The short answer, for now, is that there is no way to recognize EUDR-compliant products outside the EU. A database of EUDR-compliant products, for instance, could be quite useful, but no plans for one have been announced so far.

In the meantime, it’s important to remember that deforestation is a global issue that you can spot when shopping. Next time you’re shopping for coffee beans, or steak for a Sunday barbeque, look for certifications like the Rainforest Alliance or Fairtrade, which help ensure products are sustainably sourced.

Fairtrade and Rainforest Alliance logos
Look for Fairtrade and Rainforest Alliance labels on products like coffee or steak to help ensure the products are sustainably sourced.

Even with the lack of clarity about identifying sustainable products, the European Union is setting a great example. Beyond political differences, the reason it took so long to implement the EUDR is simply because the regulation is a massive task. It will undoubtedly have major effects on supply chains that stakeholders would rather not jeopardize – they knew how to make money in the old system. Oftentimes, however, change is only catalyzed by disruption. Once the EU’s transparent system evolves and flows, other countries will be able to follow suit.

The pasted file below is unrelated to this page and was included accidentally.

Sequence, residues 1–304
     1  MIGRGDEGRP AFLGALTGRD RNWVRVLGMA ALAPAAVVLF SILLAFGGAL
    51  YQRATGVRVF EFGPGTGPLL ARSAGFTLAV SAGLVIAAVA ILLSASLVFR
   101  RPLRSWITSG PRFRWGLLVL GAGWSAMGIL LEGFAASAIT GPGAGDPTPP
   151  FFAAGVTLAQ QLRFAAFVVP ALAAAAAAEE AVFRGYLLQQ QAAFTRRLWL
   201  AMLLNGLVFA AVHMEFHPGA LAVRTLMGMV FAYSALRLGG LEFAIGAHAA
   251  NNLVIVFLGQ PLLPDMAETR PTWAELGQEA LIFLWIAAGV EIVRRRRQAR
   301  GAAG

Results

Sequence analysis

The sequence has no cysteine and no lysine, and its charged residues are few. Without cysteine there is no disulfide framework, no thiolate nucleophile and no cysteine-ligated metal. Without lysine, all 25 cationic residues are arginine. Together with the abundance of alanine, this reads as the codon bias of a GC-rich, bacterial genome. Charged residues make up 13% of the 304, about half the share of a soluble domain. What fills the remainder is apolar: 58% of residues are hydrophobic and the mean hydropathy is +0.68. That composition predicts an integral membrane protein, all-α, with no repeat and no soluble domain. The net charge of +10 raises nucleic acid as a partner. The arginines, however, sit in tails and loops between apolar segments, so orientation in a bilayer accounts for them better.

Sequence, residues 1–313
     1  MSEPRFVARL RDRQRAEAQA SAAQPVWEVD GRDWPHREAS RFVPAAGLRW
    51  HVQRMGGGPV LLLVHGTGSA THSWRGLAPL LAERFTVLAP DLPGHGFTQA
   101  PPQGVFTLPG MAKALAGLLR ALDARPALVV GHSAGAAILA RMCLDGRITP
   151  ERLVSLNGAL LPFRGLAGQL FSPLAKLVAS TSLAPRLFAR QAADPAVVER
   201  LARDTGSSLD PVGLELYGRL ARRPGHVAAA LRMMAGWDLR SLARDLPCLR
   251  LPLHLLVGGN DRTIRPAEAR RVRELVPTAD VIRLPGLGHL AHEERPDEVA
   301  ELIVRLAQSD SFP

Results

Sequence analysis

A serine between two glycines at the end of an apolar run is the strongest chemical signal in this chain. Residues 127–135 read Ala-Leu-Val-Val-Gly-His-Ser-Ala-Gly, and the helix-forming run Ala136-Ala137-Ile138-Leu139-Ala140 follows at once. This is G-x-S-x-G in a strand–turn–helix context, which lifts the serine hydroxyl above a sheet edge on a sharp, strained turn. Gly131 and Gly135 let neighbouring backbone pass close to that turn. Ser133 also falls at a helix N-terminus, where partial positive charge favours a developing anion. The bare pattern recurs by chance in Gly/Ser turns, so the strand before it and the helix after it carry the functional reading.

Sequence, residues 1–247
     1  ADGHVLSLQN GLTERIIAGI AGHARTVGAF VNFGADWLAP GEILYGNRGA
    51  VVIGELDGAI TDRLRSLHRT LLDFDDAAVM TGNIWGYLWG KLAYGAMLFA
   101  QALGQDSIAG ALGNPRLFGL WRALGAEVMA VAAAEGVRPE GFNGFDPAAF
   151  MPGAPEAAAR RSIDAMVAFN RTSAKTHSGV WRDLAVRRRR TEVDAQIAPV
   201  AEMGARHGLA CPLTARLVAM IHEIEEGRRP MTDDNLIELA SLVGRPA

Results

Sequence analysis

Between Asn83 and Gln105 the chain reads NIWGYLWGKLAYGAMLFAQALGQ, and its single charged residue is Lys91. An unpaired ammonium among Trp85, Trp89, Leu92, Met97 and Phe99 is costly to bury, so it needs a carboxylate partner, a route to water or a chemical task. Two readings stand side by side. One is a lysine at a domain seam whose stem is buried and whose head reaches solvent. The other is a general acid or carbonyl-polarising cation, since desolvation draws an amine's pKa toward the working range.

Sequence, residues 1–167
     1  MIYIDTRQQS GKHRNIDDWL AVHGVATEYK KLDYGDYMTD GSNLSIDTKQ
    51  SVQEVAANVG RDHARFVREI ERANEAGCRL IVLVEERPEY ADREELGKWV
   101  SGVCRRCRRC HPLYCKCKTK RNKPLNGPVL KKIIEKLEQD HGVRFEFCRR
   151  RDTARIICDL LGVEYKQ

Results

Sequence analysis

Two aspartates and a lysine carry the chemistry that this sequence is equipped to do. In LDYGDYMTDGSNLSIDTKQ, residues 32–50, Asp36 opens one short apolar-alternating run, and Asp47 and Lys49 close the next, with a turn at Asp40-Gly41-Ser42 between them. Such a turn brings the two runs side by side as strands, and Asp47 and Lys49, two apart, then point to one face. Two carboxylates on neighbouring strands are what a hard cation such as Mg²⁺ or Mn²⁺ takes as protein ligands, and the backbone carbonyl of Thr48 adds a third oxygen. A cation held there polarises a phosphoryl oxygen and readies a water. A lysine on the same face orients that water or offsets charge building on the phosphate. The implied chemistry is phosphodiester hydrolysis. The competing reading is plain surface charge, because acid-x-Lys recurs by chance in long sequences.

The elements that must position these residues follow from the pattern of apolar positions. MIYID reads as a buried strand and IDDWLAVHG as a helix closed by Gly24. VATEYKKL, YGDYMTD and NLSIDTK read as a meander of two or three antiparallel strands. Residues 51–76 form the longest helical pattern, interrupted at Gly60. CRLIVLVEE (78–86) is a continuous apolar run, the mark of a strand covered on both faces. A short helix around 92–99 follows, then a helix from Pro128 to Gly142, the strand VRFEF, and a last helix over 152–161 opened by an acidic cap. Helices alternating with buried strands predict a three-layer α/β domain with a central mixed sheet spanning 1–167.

You Can Help Influence Local Legislation

The EU’s move demonstrates that action is not only politically possible but necessary. The United States, for example, had attempted to introduce the very similar Forest Act in 2021, which never reached a vote in Congress. But with the EUDR’s enactment, it’s likely that U.S. legislation will have a greater chance of being adopted simply to make American products more competitive.

You can also help bring this kind of legislation to life where you live by influencing your local representatives. If you live in the U.S., for example, you can contact your elected officials and encourage them to support the Forest Act, which will soon be reintroduced to the senate. You could start with a message such as the following.